Student-Authored Case Studies as a Learning Tool in Physical Education Teacher Education: Students Can Prepare for Real-Life Situations with This Learning Tool
Richards, Andrew K., Hemphill, Michael A., Templin, Thomas J., Eubank, Andrew M., JOPERD--The Journal of Physical Education, Recreation & Dance
Teaching is not easy. The variety of complex and interrelated situations that occur in the classroom make meaningful instruction more difficult than it may seem to the casual observer. The argument could be made that teaching physical education is more complicated due to the nature of the environment and an intricate combination of managerial and organizational concerns. Colleges and universities use a range of strategies to prepare teachers for the dynamic environment of the gymnasium. Many physical education teacher education (PETE) programs now offer early field experiences, and the advantages of such experiences are well documented (LaMaster, 2001). Another way of exposing students to authentic teaching experiences is the use of case studies, which have been cited as elements of a well-designed teacher preparation program (Darling-Hammond, 2000). Case studies use storytelling to highlight the complexity of the teaching environment. Some authors have also noted the potential value of asking students to write their own case studies in order to explore more deeply the issues that they see as particularly significant in physical education (Wilson & Williams, 2001). The purpose of this article is to share the authors' experiences using written case studies as a learning tool in a junior PETE seminar course. The benefits and challenges associated with the method are also discussed, and concluding recommendations for teacher educators are given.
Case Studies in Physical Education
Case studies are "richly detailed, contextualized, narrative accounts" of situations or experiences related to a given field that are intended to promote critical thinking about real-life events (Levin, 1995, p. 63). They can promote vicarious learning by allowing individuals to discuss real-life situations in a nonthreatening environment (Veal & Taylor, 1995). Case studies have long been used as teaching tools in the fields of business, law, and medicine, and they are becoming more common in education (Beck, 2007; Merseth, 1991). The first case-based text in PETE focused on the administrative aspects of sport and physical education (Zeigler, 1959). Since then, two textbooks have been published emphasizing the case study approach in PETE--one in physical education (Stroot, 2000) and a second specific to adapted physical education (Hodge, Murata, Block, & Lieberman, 2003). Additionally, several articles have appeared in publications such as JOPERD that provide examples of cases as well as a rationale for their use in training future physical education teachers (e.g., Boyce, 1998, 2000; Wilson & Williams, 2001). Case study texts have also been written in related fields, such as sports psychology (Rotella, Boyce, Allyson, & Savis, 1998) and athletic coaching (Baghurst & Parish, 2010).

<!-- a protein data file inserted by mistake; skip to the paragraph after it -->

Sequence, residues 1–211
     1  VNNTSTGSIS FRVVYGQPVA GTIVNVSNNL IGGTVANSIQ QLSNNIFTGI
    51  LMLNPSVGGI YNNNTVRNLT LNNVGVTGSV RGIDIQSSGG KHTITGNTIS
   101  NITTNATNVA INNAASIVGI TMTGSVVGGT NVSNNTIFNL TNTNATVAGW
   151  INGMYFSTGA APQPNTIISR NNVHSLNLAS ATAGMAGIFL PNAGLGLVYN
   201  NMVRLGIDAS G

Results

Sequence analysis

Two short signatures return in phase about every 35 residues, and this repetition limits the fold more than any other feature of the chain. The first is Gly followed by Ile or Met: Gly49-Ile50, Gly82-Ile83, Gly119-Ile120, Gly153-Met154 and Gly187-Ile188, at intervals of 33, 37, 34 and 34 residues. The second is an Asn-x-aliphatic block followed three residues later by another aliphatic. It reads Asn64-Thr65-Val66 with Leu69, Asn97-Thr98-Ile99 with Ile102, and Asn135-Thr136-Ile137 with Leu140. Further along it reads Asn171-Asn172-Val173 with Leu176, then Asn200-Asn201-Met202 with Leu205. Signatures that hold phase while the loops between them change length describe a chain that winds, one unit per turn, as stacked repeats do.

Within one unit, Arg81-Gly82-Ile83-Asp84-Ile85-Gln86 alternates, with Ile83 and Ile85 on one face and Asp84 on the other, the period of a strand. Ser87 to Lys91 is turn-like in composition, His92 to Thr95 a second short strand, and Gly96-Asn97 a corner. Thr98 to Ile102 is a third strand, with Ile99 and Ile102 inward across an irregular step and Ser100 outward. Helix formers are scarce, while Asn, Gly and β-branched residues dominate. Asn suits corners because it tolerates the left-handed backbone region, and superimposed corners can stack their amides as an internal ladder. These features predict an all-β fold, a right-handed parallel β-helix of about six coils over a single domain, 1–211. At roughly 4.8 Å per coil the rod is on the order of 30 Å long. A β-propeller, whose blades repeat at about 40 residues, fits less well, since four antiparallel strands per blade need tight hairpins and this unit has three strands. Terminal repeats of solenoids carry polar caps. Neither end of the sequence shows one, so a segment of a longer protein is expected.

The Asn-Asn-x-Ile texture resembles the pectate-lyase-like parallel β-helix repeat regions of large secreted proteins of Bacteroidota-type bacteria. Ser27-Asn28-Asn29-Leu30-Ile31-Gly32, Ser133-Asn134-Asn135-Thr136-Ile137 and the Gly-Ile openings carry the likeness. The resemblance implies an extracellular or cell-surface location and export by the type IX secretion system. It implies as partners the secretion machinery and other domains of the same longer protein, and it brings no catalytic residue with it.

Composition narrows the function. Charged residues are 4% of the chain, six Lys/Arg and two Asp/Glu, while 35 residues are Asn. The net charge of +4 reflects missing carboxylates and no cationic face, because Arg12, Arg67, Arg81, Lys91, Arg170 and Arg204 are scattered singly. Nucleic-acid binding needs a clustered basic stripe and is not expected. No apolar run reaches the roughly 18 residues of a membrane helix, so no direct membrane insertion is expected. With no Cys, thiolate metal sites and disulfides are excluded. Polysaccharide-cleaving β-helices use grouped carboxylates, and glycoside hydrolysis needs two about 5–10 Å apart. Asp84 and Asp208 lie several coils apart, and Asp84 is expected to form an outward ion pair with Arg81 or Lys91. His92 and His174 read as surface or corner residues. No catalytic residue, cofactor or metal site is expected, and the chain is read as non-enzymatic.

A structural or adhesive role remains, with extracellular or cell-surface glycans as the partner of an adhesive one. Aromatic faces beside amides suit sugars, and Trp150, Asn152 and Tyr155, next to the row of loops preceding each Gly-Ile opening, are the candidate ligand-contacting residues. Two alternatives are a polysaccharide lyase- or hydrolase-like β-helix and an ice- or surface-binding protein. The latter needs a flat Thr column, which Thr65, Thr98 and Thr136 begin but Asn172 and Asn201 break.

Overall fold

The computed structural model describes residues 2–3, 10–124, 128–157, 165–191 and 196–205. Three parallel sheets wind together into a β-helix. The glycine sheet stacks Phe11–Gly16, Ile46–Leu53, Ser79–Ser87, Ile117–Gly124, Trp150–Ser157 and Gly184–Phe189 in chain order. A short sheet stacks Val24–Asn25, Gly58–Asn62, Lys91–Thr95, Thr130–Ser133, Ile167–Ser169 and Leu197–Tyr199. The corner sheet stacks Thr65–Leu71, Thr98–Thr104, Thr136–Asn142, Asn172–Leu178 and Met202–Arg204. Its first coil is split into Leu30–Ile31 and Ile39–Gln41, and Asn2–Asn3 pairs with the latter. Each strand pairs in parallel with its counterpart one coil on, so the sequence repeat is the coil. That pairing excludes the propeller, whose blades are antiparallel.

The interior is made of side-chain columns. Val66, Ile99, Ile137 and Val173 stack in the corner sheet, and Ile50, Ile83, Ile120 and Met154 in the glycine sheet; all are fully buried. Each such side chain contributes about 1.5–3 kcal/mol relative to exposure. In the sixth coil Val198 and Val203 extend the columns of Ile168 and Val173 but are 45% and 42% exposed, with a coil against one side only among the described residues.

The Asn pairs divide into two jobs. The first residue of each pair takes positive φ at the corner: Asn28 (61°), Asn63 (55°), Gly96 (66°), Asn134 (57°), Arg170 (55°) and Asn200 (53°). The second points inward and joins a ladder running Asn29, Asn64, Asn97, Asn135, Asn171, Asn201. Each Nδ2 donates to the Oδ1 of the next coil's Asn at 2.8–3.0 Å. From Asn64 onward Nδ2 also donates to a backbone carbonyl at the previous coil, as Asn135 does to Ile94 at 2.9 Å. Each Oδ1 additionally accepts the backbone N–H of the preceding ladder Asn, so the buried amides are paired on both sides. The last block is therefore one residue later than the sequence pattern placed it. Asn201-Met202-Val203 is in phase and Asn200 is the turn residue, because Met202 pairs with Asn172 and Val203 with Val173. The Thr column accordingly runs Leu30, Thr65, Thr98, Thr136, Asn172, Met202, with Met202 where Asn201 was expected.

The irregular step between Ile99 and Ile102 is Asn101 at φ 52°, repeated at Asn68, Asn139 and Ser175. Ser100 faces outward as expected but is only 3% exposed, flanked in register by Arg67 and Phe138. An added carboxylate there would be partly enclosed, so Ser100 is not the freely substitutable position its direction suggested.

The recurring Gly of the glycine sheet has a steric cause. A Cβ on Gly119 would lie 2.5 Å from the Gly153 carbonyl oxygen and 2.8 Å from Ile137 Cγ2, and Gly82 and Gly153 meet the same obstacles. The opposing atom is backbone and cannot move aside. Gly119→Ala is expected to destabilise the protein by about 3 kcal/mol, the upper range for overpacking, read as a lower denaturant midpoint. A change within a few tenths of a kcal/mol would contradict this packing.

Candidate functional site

There are several recommendations in the literature for implementing case-based pedagogy in PETE. Boyce (1995) recommended asking students to read the case before getting to class so that they have time to think about the issues that are raised. The instructor should be well versed in the case in order to effectively facilitate discussion, which can take place either in small groups or with the whole class (Collier & O'Sullivan, 1997; Levin, 1995). Alternatively, conversations can begin in small groups and then transition into a whole class discussion. Colbert, Trimble, and Desberg (1996) drew attention to the potential role that multimedia can play in students' understanding of a case (e.g., viewing video clips related to various issues) and noted that reenacting cases through role play can add additional meaning.
Advocates of the case study method note that case studies can be used to promote reflection and help students make connections between theory and practice (Beck, 2007). Boyce (1996) explained that traditional classes may not adequately prepare students for the realities of classroom teaching (e. …